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Question:

(5n^2)(ln(n)) is big-omega of n(ln(n)^2)

What I have tried:

Exist c > 0, n0 > 0

(5n^2)(ln(n)) >= cn(ln(n)^2) for all n >= n0

(5n^2)(ln(n)) >= n(ln(n)) (for n >= 1) >= n(ln(n)^2) (for n <= 1)

so this concludes that when n = 1 = n0, (5n^2)(ln(n)) is big-omega of n(ln(n)^2); but this does not meet the requirement of (for all n >= n0).

I stuck here and can anyone help?

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2 Answers 2

up vote 1 down vote accepted

My first thought:

if

 (5n^2)(ln(n)) is big omega of n(ln(n)^2)

then

 (5n) is big omega of ln(n)

which is fundamental. Look;

exists
    c = 1 and n0 = 1,
such that
    5n >= ln(n); for all n >= n0

Expanding the series for first few elements gives:

 -------------------------
|   n   |   5n   | ln(n)  |
|-------|--------|--------|
|    1  |     5  |  0.00  |
|    2  |    10  |  0.69  |
|    3  |    15  |  1.10  |
|    4  |    20  |  1.39  |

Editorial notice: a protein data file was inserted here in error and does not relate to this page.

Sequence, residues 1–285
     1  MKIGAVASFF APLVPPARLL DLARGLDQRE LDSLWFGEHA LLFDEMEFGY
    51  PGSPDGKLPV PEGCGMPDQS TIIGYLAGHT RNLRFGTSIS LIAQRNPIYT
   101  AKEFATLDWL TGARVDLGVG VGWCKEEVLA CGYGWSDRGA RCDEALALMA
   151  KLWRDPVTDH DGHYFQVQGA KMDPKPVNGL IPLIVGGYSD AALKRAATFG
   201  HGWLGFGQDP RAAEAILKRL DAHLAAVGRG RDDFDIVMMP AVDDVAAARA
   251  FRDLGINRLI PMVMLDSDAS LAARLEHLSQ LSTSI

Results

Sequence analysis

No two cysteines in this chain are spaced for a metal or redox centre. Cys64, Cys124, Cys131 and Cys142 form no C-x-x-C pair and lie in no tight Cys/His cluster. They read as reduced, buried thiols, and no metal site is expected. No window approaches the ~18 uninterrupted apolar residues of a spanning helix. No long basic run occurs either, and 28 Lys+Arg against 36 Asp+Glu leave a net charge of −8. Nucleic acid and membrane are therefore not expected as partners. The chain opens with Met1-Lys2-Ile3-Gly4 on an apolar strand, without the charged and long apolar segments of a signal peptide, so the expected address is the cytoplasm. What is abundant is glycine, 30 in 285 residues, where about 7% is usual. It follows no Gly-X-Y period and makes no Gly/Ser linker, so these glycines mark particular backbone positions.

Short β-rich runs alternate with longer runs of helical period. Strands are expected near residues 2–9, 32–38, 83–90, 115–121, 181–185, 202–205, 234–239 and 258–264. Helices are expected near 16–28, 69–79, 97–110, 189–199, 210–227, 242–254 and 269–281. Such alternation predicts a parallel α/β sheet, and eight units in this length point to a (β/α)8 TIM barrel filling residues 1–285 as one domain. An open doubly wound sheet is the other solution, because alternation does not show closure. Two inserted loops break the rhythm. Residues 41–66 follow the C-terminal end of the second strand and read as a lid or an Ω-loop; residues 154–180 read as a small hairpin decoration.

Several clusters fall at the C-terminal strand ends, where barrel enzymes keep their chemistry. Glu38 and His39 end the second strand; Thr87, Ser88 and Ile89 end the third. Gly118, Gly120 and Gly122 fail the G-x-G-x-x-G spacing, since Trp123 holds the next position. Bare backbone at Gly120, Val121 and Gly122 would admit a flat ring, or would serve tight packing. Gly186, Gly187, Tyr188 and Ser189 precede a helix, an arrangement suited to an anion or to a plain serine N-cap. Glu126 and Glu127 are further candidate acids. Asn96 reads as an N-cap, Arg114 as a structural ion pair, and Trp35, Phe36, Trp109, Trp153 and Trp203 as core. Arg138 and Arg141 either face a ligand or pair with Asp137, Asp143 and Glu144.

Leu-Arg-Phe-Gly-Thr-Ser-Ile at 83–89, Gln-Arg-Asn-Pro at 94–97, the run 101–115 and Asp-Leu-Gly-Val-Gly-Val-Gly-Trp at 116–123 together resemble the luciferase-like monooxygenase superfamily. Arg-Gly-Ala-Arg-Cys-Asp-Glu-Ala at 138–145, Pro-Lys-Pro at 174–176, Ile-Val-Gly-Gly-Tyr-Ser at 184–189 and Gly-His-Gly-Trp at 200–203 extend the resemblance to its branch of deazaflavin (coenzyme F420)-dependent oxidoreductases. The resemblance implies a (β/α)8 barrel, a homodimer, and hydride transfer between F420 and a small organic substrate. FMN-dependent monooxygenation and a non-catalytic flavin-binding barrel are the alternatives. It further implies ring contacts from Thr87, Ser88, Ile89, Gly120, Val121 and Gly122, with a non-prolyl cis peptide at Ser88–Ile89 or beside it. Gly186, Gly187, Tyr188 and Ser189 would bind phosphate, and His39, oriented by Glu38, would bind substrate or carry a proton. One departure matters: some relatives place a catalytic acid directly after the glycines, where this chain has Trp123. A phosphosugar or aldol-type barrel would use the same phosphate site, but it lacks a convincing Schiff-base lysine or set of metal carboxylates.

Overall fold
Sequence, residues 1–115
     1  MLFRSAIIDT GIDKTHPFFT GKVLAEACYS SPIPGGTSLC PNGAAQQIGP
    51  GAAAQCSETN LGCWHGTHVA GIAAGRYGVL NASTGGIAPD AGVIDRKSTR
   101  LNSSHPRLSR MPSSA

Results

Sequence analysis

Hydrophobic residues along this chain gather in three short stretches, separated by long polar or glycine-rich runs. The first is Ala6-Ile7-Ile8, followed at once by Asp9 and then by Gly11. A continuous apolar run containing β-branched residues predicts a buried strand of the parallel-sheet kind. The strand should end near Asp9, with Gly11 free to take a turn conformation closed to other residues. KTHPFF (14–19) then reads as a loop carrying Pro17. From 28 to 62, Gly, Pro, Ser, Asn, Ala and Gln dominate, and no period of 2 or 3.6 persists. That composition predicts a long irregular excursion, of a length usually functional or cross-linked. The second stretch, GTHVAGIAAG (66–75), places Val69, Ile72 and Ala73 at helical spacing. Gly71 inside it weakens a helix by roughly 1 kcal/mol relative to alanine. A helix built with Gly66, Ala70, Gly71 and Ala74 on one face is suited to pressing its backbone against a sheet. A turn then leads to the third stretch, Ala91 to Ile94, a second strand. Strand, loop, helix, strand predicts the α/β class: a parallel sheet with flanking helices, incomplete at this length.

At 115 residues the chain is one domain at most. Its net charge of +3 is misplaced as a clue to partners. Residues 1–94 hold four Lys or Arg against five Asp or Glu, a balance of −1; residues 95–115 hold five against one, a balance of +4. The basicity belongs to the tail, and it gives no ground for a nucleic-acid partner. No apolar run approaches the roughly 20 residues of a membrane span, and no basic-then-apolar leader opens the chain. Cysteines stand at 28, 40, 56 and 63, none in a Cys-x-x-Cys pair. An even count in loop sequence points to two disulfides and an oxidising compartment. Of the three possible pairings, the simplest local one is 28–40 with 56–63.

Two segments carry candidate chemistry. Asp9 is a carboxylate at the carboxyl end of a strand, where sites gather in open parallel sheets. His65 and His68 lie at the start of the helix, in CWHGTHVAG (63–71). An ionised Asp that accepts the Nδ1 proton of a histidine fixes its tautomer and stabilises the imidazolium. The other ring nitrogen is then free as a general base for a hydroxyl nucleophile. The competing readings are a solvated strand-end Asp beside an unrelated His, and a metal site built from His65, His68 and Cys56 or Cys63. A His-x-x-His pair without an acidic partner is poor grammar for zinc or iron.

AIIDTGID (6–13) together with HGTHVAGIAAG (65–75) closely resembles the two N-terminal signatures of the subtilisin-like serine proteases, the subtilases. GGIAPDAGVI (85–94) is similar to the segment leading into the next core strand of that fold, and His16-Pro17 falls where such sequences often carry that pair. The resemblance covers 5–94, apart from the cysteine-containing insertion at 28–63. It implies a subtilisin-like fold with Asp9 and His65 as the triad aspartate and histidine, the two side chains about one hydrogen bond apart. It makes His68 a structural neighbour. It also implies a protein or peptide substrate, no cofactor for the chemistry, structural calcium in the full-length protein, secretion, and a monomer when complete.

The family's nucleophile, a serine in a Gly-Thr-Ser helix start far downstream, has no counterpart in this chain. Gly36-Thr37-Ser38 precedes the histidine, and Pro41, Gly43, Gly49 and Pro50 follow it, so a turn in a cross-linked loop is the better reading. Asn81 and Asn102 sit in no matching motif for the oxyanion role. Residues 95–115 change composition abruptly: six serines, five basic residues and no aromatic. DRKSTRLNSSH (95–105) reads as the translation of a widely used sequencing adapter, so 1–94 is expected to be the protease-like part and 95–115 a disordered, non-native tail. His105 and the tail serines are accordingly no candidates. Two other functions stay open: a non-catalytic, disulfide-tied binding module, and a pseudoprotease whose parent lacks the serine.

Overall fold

|    5  |    25  |  1.61  |
|   10  |    50  |  2.30  |
|  100  |   500  |  4.61  |
| 1000  |  5000  |  6.91  |
 -------------------------
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i get it! thank you very much! –  GJ. Sep 21 '12 at 21:16

If I understand your notation correctly: For all n>e, n.ln(n)>0, allowing you to change your problem to proving that 5.n is a big omega of ln(n). Obviously you have not only ln(n) = O(n) but also ln(n) = o(n) since lim(ln(n)/n)=0 for n-> infinity. Making me wonder if there is something actually missing from the problem since it's odd to ask if something is big O when it's also little o...

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When a function f(n) is o(g(n)), then always also f(n) is O(g(n)). And when a function f(n) is omega(g(n)), then always also f(n) is Omega(g(n)). –  Krzysztof Jabłoński Sep 21 '12 at 21:23
    
Right, which is precisely why I wrote: "it's odd to ask if something is big O when it's also little o." Not incorrect; just odd. –  Lolo Sep 21 '12 at 21:28
    
I'm not a native speaker, and sometimes I get twisted with english, especially when reading maths or theorems. However it looks like you suggested the same solution as I've done (+1). IMHO you just should think of formatting your posts a little more clearly. –  Krzysztof Jabłoński Sep 21 '12 at 21:37

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